Ignore the odor and dig in to this steamed pork and salted fish dish.
  • Ignore the odor and dig in to this steamed pork and salted fish dish.
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The pale wood panels lining the weatherbeaten two-story storefront of China Max may not inspire a lot of confidence to the casual passerby, but during its fifteen years operating on Convoy Street, the Cantonese restaurant has gained a reputation as one of the city’s most reliable bets for dim sum.

China Max

4698 Convoy Street, Kearny Mesa

But its menu covered far more ground than dim sum, so I wanted to check out a few scattered dishes, and found them more to my liking than similar fare at neighboring restaurants.

It's not a shiny new restaurant, but still a worthy Cantonese spot on Convoy.

It's not a shiny new restaurant, but still a worthy Cantonese spot on Convoy.

An exceedingly simple “country style” stir-fry of lotus root, wood ear mushrooms, and assorted vegetables ($9.75) let the ingredients do most of the work, each cooked to its sweet spot of flavor and texture. A plate of peppery Szechuan-style meat ($10.50) muted the usual Szechuan spiciness, but while I might have liked it to go hotter, this mild take taste good enough that it kept me going back for more.

Lotus root and wood eared mushrooms

Lotus root and wood eared mushrooms

It’s telling that I didn’t eat either over a bed of rice, which I usually do as a white dude eating Chinese food.

It’s possible the restaurant staff conspired to cool the dish down, in deference to that white-dude palate. Indeed, when I asked about a more complexly flavored dish of steamed minced pork with salted fish, my waiter tried to steer me away from it.

“Oh, I like it,” he assured me, “But….” He suggested I go for a baked pork chop, or a sweet and sour dish instead.

Challenge accepted. Like it or not, I would not leave satisfied until I found out what steamed pork and salted fish taste like together. So I ordered the $10.50 dish, which in Cantonese would be called Hom Yee Jeng Yook Baeng. With a nod and a laugh, the waiter said, “Okay… I’ll make sure to bring you plenty of rice.”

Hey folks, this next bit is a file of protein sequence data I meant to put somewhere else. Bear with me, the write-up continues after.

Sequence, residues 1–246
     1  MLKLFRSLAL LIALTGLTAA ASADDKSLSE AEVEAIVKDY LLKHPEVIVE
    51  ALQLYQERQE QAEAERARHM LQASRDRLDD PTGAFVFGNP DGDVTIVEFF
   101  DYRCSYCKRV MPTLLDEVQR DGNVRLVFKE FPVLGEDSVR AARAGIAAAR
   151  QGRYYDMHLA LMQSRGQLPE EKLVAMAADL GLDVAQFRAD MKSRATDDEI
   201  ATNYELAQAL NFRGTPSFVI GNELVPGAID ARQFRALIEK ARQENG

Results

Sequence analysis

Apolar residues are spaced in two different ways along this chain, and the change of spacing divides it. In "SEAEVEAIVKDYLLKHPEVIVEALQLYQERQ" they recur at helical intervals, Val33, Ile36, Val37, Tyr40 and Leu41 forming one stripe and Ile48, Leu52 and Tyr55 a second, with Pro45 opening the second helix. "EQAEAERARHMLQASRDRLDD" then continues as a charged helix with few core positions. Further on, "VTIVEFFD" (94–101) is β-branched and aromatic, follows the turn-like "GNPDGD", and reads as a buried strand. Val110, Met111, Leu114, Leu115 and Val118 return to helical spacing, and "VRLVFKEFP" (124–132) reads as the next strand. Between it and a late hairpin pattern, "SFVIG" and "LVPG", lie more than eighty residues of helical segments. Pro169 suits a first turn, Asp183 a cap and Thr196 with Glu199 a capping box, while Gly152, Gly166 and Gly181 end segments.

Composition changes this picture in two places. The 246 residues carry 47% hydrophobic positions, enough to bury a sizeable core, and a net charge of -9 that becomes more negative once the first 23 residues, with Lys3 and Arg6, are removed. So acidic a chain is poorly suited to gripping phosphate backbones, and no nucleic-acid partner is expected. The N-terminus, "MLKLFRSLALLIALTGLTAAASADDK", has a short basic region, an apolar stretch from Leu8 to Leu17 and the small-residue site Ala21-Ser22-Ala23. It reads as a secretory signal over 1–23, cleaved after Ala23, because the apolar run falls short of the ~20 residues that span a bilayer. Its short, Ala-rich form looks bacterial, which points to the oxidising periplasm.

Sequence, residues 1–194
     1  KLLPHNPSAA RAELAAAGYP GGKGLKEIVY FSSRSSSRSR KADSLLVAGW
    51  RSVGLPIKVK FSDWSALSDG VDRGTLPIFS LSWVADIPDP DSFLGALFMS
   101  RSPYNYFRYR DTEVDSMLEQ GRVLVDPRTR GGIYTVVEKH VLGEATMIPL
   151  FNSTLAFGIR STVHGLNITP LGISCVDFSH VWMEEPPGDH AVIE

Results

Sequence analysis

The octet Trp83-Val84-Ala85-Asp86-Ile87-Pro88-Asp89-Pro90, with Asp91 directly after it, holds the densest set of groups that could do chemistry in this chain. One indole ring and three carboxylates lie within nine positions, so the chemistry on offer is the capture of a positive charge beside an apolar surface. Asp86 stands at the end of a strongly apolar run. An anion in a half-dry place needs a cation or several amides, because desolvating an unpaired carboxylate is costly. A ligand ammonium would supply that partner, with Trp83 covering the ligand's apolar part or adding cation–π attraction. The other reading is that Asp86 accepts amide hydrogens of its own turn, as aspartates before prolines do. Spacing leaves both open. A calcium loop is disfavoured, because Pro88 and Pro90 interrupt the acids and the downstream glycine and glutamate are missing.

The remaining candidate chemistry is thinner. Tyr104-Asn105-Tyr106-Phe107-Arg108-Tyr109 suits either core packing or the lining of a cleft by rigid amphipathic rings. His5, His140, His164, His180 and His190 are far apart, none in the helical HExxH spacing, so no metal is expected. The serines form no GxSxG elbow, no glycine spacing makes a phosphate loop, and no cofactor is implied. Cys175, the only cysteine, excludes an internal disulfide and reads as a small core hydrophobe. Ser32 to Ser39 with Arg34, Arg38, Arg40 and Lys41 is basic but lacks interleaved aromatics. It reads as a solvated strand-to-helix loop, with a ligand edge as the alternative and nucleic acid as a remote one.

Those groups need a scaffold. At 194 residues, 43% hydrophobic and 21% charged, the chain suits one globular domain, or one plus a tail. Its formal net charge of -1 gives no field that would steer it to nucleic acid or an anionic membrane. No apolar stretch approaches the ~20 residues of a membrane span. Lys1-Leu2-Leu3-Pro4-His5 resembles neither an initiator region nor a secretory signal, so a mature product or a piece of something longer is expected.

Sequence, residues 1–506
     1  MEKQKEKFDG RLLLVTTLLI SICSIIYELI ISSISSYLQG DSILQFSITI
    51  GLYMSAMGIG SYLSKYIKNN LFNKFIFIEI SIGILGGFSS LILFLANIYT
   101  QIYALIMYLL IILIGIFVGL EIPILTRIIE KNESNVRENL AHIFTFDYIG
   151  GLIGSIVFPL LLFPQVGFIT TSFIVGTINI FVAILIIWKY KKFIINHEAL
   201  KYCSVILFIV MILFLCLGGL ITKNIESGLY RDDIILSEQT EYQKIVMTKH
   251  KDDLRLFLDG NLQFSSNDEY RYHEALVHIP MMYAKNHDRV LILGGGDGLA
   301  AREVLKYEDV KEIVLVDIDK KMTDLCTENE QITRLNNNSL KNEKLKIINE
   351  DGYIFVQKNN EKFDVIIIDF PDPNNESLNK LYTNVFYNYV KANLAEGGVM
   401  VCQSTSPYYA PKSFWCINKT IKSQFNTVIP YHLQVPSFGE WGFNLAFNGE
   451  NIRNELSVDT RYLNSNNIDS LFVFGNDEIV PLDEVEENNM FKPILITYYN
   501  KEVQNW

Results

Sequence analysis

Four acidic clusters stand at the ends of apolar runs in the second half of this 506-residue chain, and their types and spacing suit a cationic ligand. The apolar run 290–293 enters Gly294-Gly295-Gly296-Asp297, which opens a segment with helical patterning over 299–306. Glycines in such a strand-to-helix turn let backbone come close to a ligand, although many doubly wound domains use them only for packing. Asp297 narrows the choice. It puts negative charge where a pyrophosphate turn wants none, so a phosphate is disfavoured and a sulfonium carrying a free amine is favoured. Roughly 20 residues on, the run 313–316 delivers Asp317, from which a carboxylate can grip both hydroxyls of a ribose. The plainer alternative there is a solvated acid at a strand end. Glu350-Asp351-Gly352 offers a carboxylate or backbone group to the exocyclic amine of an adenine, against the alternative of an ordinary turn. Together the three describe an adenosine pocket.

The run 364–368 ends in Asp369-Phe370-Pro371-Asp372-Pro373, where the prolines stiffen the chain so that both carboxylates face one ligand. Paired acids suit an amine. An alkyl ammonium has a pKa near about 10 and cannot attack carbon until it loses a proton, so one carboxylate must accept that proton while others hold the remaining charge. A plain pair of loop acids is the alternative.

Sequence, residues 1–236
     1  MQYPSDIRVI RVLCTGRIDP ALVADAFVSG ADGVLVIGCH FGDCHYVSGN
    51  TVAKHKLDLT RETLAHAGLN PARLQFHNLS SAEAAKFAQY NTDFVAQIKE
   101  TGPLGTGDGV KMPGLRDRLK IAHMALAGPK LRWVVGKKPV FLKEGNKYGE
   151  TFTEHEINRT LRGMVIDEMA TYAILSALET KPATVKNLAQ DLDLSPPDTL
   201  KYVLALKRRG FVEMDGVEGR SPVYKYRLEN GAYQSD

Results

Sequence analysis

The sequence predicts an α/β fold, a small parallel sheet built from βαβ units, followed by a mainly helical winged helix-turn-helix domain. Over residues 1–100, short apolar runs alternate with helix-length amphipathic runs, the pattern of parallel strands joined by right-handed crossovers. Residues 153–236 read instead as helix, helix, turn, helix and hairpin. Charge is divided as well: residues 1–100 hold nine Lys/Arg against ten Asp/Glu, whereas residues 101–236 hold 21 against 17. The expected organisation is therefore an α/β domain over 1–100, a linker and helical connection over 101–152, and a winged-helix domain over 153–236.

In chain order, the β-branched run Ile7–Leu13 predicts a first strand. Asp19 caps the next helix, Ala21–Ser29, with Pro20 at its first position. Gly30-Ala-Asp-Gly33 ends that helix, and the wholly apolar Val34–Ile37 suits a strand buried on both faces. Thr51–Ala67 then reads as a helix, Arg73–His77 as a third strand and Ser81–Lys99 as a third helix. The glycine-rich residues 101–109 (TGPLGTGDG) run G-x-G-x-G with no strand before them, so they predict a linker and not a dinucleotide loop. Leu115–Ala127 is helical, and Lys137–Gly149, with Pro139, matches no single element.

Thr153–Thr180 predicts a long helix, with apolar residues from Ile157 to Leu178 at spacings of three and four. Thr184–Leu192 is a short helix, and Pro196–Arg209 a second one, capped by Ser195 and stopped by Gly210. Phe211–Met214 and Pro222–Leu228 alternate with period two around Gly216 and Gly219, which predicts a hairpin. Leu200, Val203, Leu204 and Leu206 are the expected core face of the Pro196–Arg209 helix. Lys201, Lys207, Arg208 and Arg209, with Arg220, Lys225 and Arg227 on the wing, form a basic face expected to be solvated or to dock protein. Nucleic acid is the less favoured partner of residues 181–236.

Prior to this, the closest I’d come to this combination of flavors had been the pork and crab soup dumplings at Joe’s Shanghai in New York City’s Chinatown. Since I count those among the best Chinese dishes I’ve ever eaten, I was confident this would surely become a new favorite.

However, when the plate appeared on my white linen covered table, a fetid odor came with it, one I’d associate less with food than a gym locker room, or feet that have been wearing shoes without socks. My confidence waned.

Tentative, I tried each component individually. Ground pork, when steamed, takes on a vaguely gelatinous look, and while this tasted of a low-salt pork loin, the texture more closely matched its appearance. The salted fish, produced by a vendor in Baja, was responsible for the smell. The crispy, dry morsels have the consistency similar to chapulines, with a fishy, mackerel-like flavor that features too much salt, coupled with an earthy, fermented funk aroma.

Eaten separately, I didn’t want any part of these ingredients. But a funny thing happened when I ate them together. They stopped being gross. The dish became salty and complex. That people pleasing pork flavor reined in the odorous fish, and vice versa, the two extremes merging to find a pleasing middle territory I could really dwell upon while chewing. I mean, with plenty of rice in each bite.

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